image1When I first signed up for classics and archaeology classes, I thought most of my time would be playing in the dirt, teaching, hanging out in libraries and the occasional conferences.  If you had asked me about the social side to academia, I probably would’ve laughed, maybe even made a joke about the Archaeologist’s cocktail/mosquito repellent (that would be a gin and tonic) but I probably would never have mentioned digital and social media as a fundamental aspect to archaeology.
With smart phones and even smarter people, everything has changed.  A whole world of archaeology and cultural heritage preservation has unfolded and opened so that archaeology and cultural heritage are now more than ever present and available for anyone to explore– without or without the degree.   And it’s a lot of fun!  Over the past year or so that I jumped into the world of social media, I’ve seen some amazing things (forgotten archaeology in Iran, an #emptymet, where photographers are exploring an empty Metropolitan Museum of Art and sharing).  And I’m able to see and make connections between heritage issues throughout the world, particularly the difficulties we face in archaeology and the preservation of heritage in new, dynamic formats that weren’t even thinkable two years ago.

The stereotypical classics conference is anything but… discussions bring in contemporary themes in ancient issues and conferences are accessible anywhere via live stream or simply by following a hashtag or twitter account like the Classical Association’s recent conference.  So many of the great conversations and discussions, interactions and friendships have been building up online- and not just with academics, but also conservators and non profits and NGOs, bloggers, photographers, and anyone out there that is just interested in learning about the past. I’ve particularly enjoyed seeing people’s perspectives on history, heritage, archaeology and art when they have entirely different backgrounds from mine.  It’s really opened up my mind- and leaves me hungry for more.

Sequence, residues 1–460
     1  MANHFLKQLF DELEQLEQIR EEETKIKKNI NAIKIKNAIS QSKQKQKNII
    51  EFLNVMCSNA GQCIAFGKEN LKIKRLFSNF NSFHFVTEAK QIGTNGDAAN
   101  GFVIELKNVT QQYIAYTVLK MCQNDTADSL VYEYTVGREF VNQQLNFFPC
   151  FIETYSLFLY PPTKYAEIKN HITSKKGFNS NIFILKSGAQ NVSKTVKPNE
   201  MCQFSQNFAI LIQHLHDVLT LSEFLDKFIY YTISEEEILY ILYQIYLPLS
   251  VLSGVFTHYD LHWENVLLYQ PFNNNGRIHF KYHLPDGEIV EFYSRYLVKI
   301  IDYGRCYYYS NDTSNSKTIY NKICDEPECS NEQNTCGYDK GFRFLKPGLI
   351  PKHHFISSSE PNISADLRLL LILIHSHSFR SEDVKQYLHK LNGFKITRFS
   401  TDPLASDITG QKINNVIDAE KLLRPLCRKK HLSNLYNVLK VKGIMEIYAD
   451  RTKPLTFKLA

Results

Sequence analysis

Cultural heritage and social media have a similar purpose: to connect people together for discussion/preservation of an idea.  With that in mind, I thought it would be great to theme the AIRC’s 2013 Unlisted conference  “Conversation for Conservation” where we discuss the role of social media in cultural heritage. We’ve invited some great people including photographers Sam Horine and Nicolee Drake, and documentary filmmaker Brent Huffman.  We want everyone to come, so if you are in Rome on April 18, join us– and if you can’t be here but still want to participate, please tune in at 4pm Rome (10 am EST) on April 18 for our conversation. For more details, please follow this Unlisted link.